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  • Contributors

Nivedita Bagchi is a doctoral student in the Department of English at Boston University, where she is completing a dissertation on Nadine Gordimer.

D.C.R.A. Gooentilleke, Professor of English at the University of Kelaniya, Sri Lanka, is the editor of Phoenix and the author of Developing Countries in British Fiction, Images of the Raj: South Asia in the Literature of Empire and Joseph Conrad: Beyond Culture and Background among other works. He has edited several anthologies of Sri Lankan poetry and drama.

Clement Hawes is an Assistant Professor of English at Southern Illinois University at Carbondale. He has recently published an essay on Gulliver and colonial discourse in Cultural Critique; his work has also appeared in Criticism and in the Publications of the Arkansas Philological Association. He is completing a book entitled Mania and Literary Style: The Rhetoric of Enthusiasm from the Ranters to Christopher Smart.

Teresa Hubel is Assistant Professor of English Literature at Saint Mary's University in Halifax, Nova Scotia. She has published on Anglo-Indian writers and on the literature, both British and Indian, that has grown around Indian nationalism. Her present interests include the position of Devadasis in South India and the literature of the working classes in Canada.

Alpana Sharma Knippling is an Assistant Professor of English at the University of Nebraska, Lincoln. Her recently published work examines the subaltern in Baharati Mukherjee; the collection, New Immigrant Literatures in the United States: A Sourcebook, (she is editing) is forthcoming. She is also working on a book that examines the cultural, social and literary determination of colonial and post-colonial Indian literature in English, provisionally titled Modern Indian Literature in English: A Critical Study.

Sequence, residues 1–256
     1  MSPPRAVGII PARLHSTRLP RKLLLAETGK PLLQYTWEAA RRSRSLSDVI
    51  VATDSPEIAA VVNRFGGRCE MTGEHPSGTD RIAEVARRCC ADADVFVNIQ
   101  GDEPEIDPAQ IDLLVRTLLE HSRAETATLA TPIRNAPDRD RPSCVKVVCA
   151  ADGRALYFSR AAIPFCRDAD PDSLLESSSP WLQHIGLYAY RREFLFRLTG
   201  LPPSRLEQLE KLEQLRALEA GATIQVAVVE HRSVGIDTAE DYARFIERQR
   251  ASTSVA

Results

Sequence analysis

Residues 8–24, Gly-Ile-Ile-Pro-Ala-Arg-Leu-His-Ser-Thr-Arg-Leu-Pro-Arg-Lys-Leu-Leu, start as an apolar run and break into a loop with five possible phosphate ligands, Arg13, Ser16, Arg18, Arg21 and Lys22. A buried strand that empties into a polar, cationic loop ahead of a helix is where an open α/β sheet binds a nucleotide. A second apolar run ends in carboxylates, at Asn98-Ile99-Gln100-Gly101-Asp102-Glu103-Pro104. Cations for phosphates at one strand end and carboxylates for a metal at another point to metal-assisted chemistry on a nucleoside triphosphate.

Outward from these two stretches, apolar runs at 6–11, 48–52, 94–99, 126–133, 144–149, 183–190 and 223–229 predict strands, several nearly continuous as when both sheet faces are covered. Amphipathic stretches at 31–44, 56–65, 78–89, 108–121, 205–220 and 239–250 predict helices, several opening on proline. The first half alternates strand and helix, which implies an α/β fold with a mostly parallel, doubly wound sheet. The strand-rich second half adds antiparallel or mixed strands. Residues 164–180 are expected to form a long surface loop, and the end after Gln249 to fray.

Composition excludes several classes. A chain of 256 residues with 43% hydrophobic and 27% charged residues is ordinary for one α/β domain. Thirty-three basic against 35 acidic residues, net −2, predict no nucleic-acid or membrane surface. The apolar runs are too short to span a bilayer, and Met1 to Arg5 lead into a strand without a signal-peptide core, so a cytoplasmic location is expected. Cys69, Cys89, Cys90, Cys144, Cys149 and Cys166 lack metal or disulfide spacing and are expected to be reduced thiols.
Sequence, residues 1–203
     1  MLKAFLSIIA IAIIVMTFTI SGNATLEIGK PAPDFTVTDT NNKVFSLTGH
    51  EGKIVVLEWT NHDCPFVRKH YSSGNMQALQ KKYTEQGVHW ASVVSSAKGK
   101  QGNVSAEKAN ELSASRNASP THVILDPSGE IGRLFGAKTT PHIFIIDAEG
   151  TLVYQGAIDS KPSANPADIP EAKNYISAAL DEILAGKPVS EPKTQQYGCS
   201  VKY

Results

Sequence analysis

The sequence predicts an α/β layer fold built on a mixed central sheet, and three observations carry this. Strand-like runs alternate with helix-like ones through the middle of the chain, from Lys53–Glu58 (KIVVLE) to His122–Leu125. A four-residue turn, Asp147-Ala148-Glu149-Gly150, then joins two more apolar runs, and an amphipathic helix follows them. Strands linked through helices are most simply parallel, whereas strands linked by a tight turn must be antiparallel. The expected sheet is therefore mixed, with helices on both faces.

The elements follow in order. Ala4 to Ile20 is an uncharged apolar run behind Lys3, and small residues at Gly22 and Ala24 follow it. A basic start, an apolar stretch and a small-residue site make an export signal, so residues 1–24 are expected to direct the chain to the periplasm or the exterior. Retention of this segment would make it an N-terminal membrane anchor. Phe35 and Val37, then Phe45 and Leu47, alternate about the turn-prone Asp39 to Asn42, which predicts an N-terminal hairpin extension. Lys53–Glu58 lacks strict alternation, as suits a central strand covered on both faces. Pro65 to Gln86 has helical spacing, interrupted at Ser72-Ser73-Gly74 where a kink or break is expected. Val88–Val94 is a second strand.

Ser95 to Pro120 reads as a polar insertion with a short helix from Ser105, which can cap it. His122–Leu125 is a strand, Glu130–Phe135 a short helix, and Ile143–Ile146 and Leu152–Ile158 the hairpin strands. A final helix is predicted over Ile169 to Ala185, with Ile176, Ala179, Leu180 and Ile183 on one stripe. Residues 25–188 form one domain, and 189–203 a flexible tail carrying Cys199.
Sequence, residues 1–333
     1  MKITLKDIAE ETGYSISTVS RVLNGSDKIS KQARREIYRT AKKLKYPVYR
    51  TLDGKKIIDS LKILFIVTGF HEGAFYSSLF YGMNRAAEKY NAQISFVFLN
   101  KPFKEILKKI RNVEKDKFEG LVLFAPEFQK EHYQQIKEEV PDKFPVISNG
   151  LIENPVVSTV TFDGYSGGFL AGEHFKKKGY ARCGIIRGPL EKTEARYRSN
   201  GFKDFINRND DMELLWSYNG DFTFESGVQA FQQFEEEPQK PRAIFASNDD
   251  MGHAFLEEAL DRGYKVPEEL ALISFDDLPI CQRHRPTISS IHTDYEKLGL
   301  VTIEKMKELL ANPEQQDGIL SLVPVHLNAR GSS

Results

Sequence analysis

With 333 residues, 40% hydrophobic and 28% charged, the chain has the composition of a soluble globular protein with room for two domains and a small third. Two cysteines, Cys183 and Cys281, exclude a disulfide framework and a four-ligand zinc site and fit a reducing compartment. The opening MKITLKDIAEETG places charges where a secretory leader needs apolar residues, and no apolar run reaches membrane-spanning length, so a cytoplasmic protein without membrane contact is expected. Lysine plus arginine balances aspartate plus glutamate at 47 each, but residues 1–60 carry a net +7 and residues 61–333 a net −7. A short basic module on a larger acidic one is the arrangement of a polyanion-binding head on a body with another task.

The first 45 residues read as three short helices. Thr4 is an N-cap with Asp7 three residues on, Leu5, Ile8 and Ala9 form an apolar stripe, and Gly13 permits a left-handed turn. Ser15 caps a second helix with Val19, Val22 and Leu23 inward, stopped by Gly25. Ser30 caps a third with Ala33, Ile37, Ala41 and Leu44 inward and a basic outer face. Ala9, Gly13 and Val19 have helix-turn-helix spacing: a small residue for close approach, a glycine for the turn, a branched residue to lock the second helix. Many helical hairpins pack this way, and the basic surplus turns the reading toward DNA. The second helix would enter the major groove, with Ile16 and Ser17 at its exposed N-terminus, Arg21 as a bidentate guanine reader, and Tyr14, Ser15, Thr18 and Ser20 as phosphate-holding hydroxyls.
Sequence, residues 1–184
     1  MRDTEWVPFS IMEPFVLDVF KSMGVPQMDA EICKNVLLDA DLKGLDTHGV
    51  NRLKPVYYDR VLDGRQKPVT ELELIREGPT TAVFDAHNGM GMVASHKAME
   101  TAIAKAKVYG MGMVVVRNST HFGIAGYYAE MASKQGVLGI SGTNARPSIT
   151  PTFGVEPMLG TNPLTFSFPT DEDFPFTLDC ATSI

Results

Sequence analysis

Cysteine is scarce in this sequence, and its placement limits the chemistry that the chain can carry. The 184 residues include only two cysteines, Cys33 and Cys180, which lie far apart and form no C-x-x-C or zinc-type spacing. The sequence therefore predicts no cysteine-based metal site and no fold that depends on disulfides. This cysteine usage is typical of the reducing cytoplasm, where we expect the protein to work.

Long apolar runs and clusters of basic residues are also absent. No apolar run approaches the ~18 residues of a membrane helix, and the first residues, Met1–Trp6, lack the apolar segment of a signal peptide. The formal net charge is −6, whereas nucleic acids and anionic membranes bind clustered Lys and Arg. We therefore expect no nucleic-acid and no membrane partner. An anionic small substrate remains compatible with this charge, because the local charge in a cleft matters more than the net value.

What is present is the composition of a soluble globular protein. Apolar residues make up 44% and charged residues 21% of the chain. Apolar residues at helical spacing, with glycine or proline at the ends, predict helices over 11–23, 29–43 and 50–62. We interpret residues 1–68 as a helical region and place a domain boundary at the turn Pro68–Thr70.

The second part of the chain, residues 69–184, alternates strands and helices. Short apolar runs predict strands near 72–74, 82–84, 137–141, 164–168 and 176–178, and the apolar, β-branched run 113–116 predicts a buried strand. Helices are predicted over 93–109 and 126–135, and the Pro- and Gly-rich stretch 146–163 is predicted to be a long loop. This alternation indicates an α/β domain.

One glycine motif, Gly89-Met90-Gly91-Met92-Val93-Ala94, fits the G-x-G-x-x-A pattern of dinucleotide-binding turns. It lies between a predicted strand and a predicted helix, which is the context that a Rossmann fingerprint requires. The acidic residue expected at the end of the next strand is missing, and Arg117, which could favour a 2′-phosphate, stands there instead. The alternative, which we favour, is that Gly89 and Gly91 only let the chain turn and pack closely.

Amitava Kumar teaches in the English Department at the University of Florida, Gainesville. He is a member of Impact Visuals, a New York based progressive photo co-op. Amitava Kumar's photo journalism and poetry have appeared in both Indian and American publications, including the Indian Express, The Times of India, Samar, The Guardian, Z Magazine, Rethinking Marxism, and Artpaper. [End Page 227] Among other recent awards, Anuradha Dingwaney Needham received a National Endowment for the Humanities fellowship last year to study discursive resistance in the work of writers from the African and Indian disaspora. She has written on cross-cultural translation as a method for teaching, Salman Rushdie's constructions of authority, and feminist theory and practice in the classroom. She is currently working on a manuscript about discursive resistance in the African and Indian diaspora.

Rajeswari Sunder Rajan is a Lecturer in the Department of English at Venkateswara College, Delhi. Her most recent essays have appeared in Signs, The Yale Journal of Criticism and Victorian Literature and Culture. Her book Lie of the Land: English Literary Studies in India was published in 1992 by Oxford, and her Real and Imagined Women: Gender, Culture, Postcolonialism, by Routledge this year. She is presently working on a longer project that explores Dickens and subjectivity entitled The Novel Subject: Subalternity and Realism in Dickens's Fiction.

Geetha Ramanathan is an Assistant Professor at West Chester University, where she teaches in comparative literature, film and women's studies. She is the author of the forthcoming Sexual Politics in Modern Drama. Her work has also been published in Genders, and she is currently co-editing a special issue on Postcolonial Women's Literature for College Literature.

Sangeeta Ray is an Assistant Professor of English at the University of Maryland. Her essays have appeared in Hypatia and The History of Caribbean Literature, Vol. III. An article focusing on Indian diasporic writing will appear in a forthcoming special issue of Politics and Culture, and she is writing a book entitled Imperialism, Nationalism, and Feminism: The Consolidation of "Nation" through the Representation of East-Indian Women in British and Indian Narratives. 1857-1920. [End Page 228]



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